Room: Track 1
Develop a machine learning-based method to generate multi-contrast anatomical textures in the 4D extended cardiac-torso (XCAT) phantom for more realistic imaging simulations. As a pilot study, we synthesize CT and CBCT textures in the chest region.
For training purposes, major organs and gross tumor volumes in the chest region were segmented from real patient images and assigned to different HU values to generate organ maps, resembling XCAT produced images. A dual-discriminator conditional-generative adversarial network (D-CGAN) was developed to synthesize anatomical textures in the corresponding organ maps. The D-CGAN was uniquely designed with two discriminators, one trained for the body and the other for tumors. The network was trained separately using 62 CT and 63 CBCT images from lung SBRT patients to generate multi-contrast textured XCAT (MT-XCAT) for each modality. Various XCAT phantoms were input to the D-CGAN to generate textured phantoms. The phantoms were evaluated by comparing the intensity histograms and radiomic features with those from real patient images using Wilcoxon rank-sum test.
The visual examination demonstrated that the MT-XCAT phantoms presented similar general contrast and anatomical textures as CT and CBCT images. The mean HU values of the MT-XCAT-CT and MT-XCAT-CBCT were -140.35±336.48 and -185.72±350.32, compared with those of real CT (-149.79±346.37 ) and CBCT (-245.41±371.66). The majority of radiomic features from the MT-XCAT phantoms followed the same distribution as the real images according to the Wilcoxon rank-sum test, except for limited second-order features.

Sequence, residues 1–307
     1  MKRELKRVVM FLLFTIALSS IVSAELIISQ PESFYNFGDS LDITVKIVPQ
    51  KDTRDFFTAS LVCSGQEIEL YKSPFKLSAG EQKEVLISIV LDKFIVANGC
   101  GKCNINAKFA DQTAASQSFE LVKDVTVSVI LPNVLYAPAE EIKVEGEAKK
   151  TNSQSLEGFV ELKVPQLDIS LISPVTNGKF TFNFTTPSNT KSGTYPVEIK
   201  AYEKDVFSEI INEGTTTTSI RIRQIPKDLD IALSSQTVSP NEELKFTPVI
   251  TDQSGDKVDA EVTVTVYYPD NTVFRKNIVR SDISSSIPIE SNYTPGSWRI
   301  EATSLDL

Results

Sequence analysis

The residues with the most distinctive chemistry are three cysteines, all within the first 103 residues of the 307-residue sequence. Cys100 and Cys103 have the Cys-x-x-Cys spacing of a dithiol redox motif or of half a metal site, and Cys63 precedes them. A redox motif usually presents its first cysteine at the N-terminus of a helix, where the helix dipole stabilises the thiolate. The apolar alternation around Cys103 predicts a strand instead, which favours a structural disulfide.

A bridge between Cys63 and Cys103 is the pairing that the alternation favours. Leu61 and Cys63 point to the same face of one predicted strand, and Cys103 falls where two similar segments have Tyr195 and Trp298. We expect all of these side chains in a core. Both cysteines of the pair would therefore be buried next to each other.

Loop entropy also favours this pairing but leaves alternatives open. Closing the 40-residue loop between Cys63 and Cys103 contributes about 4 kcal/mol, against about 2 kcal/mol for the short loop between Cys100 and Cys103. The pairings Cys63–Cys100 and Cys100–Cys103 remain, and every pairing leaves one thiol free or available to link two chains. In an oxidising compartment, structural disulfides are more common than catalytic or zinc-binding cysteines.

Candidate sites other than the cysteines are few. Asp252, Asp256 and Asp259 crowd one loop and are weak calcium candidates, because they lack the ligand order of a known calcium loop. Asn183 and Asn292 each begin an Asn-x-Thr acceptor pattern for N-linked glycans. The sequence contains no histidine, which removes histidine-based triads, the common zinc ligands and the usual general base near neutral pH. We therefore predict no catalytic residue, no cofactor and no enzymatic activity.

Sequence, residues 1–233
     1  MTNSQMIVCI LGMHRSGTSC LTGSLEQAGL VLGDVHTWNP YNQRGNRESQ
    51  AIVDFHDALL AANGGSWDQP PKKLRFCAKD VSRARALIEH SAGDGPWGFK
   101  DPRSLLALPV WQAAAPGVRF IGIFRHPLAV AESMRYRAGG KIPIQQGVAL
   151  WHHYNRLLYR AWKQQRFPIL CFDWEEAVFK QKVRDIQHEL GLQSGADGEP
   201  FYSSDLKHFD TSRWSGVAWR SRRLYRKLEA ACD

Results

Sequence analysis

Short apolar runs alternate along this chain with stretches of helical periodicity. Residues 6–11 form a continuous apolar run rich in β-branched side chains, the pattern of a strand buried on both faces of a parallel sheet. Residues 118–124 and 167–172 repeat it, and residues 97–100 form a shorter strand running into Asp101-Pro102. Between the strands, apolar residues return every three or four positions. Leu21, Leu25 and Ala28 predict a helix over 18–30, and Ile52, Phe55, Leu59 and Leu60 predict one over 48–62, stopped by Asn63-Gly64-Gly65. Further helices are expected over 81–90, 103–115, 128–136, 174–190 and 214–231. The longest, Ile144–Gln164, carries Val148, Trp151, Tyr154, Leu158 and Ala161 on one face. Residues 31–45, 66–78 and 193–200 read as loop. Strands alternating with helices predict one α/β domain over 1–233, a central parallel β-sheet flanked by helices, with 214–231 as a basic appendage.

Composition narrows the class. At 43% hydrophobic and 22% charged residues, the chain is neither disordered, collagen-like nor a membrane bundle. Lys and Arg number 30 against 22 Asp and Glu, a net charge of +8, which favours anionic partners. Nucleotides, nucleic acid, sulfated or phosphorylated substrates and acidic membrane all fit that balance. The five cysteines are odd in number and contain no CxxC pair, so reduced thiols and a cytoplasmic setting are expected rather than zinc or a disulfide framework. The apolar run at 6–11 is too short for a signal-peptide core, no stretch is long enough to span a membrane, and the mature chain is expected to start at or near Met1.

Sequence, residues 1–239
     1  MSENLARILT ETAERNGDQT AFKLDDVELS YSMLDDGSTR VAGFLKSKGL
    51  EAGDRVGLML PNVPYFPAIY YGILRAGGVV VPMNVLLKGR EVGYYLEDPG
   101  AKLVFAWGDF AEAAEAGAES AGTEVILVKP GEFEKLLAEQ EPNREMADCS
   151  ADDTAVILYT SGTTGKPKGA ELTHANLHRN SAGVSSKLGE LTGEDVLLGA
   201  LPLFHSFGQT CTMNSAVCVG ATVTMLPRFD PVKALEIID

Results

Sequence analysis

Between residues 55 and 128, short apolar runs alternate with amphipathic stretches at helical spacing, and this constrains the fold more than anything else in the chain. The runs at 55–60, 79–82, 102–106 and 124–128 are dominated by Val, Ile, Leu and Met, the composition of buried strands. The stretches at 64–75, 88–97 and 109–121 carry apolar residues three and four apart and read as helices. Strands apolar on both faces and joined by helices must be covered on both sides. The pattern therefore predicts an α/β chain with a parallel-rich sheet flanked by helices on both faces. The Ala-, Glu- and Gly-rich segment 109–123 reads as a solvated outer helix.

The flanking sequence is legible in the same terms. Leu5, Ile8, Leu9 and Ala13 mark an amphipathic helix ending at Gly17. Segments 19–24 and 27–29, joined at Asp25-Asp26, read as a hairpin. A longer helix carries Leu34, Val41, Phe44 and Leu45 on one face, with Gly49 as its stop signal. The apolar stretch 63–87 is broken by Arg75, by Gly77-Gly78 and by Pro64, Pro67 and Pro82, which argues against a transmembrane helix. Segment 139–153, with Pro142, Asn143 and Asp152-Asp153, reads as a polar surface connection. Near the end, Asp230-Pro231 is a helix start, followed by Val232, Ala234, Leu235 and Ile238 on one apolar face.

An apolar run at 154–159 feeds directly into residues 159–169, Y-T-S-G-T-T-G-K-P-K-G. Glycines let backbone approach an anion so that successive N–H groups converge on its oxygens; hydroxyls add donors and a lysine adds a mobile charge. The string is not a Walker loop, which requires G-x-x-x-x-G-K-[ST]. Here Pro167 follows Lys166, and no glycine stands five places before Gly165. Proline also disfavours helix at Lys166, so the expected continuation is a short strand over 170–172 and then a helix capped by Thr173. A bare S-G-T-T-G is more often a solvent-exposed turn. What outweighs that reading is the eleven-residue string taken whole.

The study demonstrated the feasibility of generating realistic MT-XCAT phantoms using D-CGAN. The MT-XCAT phantoms can be further expanded to include other modalities (MRI, PET, ultrasound, etc.) under the same scheme. This crucial development greatly enhances the value of the phantom for various clinical applications, including testing and optimizing novel imaging techniques, validation of radiomics analysis methods, and virtual clinical trials.
Funding Support, Disclosures, and Conflict of Interest: This work was supported by the National Institutes of Health under Grant No. R01-CA184173 and R01-EB028324.